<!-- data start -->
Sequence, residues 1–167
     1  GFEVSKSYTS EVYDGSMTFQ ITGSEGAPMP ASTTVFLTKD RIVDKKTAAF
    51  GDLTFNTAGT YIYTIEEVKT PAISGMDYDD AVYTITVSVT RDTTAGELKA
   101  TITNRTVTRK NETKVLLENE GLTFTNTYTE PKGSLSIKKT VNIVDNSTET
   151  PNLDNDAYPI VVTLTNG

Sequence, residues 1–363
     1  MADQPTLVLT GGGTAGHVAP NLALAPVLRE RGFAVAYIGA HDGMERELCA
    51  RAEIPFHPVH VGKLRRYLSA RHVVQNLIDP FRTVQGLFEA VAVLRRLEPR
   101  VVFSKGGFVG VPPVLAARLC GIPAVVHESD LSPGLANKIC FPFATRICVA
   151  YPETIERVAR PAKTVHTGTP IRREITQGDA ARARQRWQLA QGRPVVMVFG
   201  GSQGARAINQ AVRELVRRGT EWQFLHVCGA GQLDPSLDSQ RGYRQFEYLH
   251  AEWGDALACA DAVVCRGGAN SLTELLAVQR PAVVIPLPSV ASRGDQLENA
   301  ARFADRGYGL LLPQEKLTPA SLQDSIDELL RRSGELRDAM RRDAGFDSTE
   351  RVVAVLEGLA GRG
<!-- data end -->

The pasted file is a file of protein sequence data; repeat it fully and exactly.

Sequence, residues 1–167
     1  GFEVSKSYTS EVYDGSMTFQ ITGSEGAPMP ASTTVFLTKD RIVDKKTAAF
    51  GDLTFNTAGT YIYTIEEVKT PAISGMDYDD AVYTITVSVT RDTTAGELKA
   101  TITNRTVTRK NETKVLLENE GLTFTNTYTE PKGSLSIKKT VNIVDNSTET
   151  PNLDNDAYPI VVTLTNG

Sequence, residues 1–363
     1  MADQPTLVLT GGGTAGHVAP NLALAPVLRE RGFAVAYIGA HDGMERELCA
    51  RAEIPFHPVH VGKLRRYLSA RHVVQNLIDP FRTVQGLFEA VAVLRRLEPR
   101  VVFSKGGFVG VPPVLAARLC GIPAVVHESD LSPGLANKIC FPFATRICVA
   151  YPETIERVAR PAKTVHTGTP IRREITQGDA ARARQRWQLA QGRPVVMVFG
   201  GSQGARAINQ AVRELVRRGT EWQFLHVCGA GQLDPSLDSQ RGYRQFEYLH
   251  AEWGDALACA DAVVCRGGAN SLTELLAVQR PAVVIPLPSV ASRGDQLENA
   301  ARFADRGYGL LLPQEKLTPA SLQDSIDELL RRSGELRDAM RRDAGFDSTE
   351  RVVAVLEGLA GRG